Why we will be better off out of the EU


Why we will be better off out of the EU

Taking back control of our money to spend our taxes on our priorities will make us better off out of the EU, writes John Redwood MP

Prosperity, not austerity. That must be our aim.

Prosperity will be easier won once we are out of the European Union. Restoring the freedoms of a once sovereign people. That is the overriding task we face.

On June 24 2016 17.4 million voters gave a great mandate to Parliament – to take back control.

During the referendum campaign I was asked one of the questions designed by Remain to damage the cause of freedom. Would you, the media avidly asked, accept being poorer in order to regain lost freedoms? I replied that fortune meant there was no so such choice before us. The very right to govern ourselves that we wished to reclaim will allow us to follow policies that made us richer, not poorer.  As an optimist I anticipate we will do better out than in.

No-one can be sure what loss there might be in store if we remain in the EU or how many gains we will seize out of the EU. What we do know is our fortune will rest more on our own decisions once we are free. So let me begin my account of life after Brexit by explaining how we can be better off.

I appreciate this will be at variance with several modelled forecasts put out by an establishment afraid of freedom and scared of change. It is an establishment that has a proven track record of error. They told us the ERM would bring us a golden scenario of more growth and low inflation. Instead it brought a deep recession. They told us if the UK stayed out of the Euro it would be deeply damaging to our business. Instead our business flourished with the pound and the Euro area had several years of crises and low or no growth. They said the big build up in debts prior to 2007 were fine because banks had found new ways of managing risks. That forecast didn’t work out too well either.

My forecast will be criticised, for it is not backed up with a model nor expressed in precise figures. It does however come from someone who did forecast the ERM crisis, the problems in the Eurozone and the banking crisis. I must warn that no-one can deliver a precise and accurate 15 year economic forecast. I have no intention of trying to deliver one. Too many things will change.

I can, however, point to the opportunities and the favourable changes that we can expect in the few years that follow Brexit that will boost whatever our growth rate then is. I do not expect a sudden fall in growth or income thanks to Brexit. The Treasury’s short term forecasts of such an outcome for the year after the vote have already proved wide of the mark.

In future as in the past the main forces shaping our growth rate will be the pace of innovation, the monetary and fiscal policies being pursued, and the state of the world economy.

The most obvious gain that the anti-Brexit forecasters rarely put in to their models is the chance to spend our tax money on our priorities. The £12bn we send every year to the EU and do not get back is lost money to the UK. Worse still it is a large drag on our balance of payments every year. To pay that bill we either have to borrow more money from abroad to pay it or we have to sell more of our assets to overseas buyers, cutting the investment income we earn on those assets. Stopping that drag will boost our economy. Spending the £12bn at home each year will mean more jobs and more items bought from UK suppliers.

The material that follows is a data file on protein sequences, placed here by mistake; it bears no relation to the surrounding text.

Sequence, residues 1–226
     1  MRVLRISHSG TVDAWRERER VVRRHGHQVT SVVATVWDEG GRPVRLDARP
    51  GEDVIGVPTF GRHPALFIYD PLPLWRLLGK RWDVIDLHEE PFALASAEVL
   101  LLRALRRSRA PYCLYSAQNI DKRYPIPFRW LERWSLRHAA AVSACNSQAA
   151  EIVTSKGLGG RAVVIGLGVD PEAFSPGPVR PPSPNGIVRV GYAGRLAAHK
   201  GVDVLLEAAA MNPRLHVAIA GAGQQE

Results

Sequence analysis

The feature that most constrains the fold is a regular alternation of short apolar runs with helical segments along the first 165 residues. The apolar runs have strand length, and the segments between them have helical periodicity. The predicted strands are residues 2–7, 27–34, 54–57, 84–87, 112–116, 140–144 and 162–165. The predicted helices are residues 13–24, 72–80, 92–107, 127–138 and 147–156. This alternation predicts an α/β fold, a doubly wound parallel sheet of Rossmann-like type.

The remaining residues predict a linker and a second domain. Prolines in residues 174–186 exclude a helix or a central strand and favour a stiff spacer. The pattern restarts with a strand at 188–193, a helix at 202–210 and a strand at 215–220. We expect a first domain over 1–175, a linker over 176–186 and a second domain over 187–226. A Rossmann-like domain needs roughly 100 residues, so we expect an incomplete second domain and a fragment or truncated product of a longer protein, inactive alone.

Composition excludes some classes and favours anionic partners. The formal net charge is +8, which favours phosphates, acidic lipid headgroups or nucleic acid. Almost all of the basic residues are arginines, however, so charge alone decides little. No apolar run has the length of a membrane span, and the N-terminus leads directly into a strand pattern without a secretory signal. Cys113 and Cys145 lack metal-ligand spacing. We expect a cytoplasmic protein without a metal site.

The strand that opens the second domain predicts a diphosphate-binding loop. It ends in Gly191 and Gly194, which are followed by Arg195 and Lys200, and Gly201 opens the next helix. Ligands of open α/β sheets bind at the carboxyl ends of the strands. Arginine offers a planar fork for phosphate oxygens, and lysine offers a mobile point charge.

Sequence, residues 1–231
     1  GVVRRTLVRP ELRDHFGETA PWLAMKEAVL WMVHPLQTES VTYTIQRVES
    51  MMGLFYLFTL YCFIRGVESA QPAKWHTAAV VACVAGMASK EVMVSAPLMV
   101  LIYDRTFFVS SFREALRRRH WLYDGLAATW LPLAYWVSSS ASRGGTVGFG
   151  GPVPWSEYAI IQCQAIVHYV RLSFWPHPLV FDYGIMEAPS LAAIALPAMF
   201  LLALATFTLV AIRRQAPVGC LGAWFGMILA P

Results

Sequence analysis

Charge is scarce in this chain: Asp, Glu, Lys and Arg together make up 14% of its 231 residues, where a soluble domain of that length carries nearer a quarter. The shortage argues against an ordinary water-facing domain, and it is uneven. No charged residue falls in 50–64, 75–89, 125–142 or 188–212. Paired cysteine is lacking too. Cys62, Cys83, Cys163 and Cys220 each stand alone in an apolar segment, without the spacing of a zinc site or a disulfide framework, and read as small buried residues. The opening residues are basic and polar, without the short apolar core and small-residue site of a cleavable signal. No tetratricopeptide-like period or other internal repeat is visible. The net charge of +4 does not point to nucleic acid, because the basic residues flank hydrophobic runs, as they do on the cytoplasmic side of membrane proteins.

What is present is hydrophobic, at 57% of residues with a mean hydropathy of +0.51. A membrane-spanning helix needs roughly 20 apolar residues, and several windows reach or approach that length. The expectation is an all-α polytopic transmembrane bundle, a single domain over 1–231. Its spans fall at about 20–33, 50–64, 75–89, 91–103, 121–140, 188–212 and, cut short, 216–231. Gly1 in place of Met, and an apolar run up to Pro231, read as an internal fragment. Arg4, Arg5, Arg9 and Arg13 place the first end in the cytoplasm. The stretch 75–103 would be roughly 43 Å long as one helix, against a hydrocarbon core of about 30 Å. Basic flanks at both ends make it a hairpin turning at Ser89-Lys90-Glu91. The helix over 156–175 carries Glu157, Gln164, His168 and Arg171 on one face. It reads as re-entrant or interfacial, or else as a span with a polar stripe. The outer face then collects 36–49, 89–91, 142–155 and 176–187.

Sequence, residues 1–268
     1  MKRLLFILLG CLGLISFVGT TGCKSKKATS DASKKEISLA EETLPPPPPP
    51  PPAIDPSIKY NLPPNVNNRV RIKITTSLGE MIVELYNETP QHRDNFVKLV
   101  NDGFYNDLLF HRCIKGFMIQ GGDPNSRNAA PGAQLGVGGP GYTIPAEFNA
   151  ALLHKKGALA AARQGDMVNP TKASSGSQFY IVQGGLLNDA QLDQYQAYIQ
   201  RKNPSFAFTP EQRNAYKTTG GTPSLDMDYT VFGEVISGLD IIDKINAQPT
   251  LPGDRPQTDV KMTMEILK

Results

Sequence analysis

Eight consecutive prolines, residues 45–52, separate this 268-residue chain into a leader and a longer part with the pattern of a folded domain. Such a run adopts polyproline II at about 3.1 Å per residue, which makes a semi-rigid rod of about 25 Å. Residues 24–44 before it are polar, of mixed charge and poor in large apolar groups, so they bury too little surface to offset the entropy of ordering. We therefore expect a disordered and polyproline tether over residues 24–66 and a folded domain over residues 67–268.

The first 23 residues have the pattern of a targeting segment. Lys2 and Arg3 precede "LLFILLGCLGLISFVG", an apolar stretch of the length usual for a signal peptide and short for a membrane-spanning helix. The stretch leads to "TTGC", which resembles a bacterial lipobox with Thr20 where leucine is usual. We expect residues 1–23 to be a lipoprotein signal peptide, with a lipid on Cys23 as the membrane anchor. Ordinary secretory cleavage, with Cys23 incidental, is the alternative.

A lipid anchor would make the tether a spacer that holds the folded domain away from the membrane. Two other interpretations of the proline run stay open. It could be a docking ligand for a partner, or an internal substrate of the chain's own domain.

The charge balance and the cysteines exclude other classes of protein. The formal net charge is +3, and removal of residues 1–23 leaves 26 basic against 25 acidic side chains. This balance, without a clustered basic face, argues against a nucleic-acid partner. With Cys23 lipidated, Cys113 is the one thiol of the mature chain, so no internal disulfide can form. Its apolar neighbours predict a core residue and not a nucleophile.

That will boost our economy with extra growth of 0.6% of our total income. That’s a one third increase in the current growth rate in the year we start it, with the same extra output in every year that follows. In the referendum campaign I set out a draft budget to illustrate how we might spend the money. I recommend it to the government.

I also recommend that we advise the EU that if they do not offer a wide ranging and sensible free trade agreement anytime soon we should discontinue payments to them on March 30 2019 and start the benefits for us.

There is no need for a Transition or Implementation period if there is no good deal to transit to. We know we can trade well under WTO rules and with WTO tariffs, as that is what we do today with most countries outside the EU.

Out of the EU we will be free to fix and levy our own taxes. We were told by past governments that tax was a red line issue. That we would always be able to decide our own taxes. That proved to be untrue.

Out of the EU we can take VAT off feminine hygiene products. We can remove VAT from green items ranging from boiler controls to draught excluders. Promoting fuel efficiency without the drag of extra VAT will help us keep warm and be better off. We could do more to combat fuel poverty by cancelling the VAT on domestic heating.

We can also levy the amount of tax we wish from larger companies. EU tax judgements on UK corporation tax have made us repay tax we thought had been fairly and legally levied. Lowering taxes, spending our own money and boosting industries like fishing and agriculture which have been damaged by EU membership should add more than 1% to our output, which is more than belonging the single market has ever done.

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  • John Redwood MP
    John Redwood MP
    John Redwood is the Member of Parliament for Wokingham in Berkshire. He was formerly Secretary of State for Wales in Prime Minister John Major's Cabinet. He is currently Co-Chairman of the Conservative Party's Policy Review Group on Economic Competitiveness.
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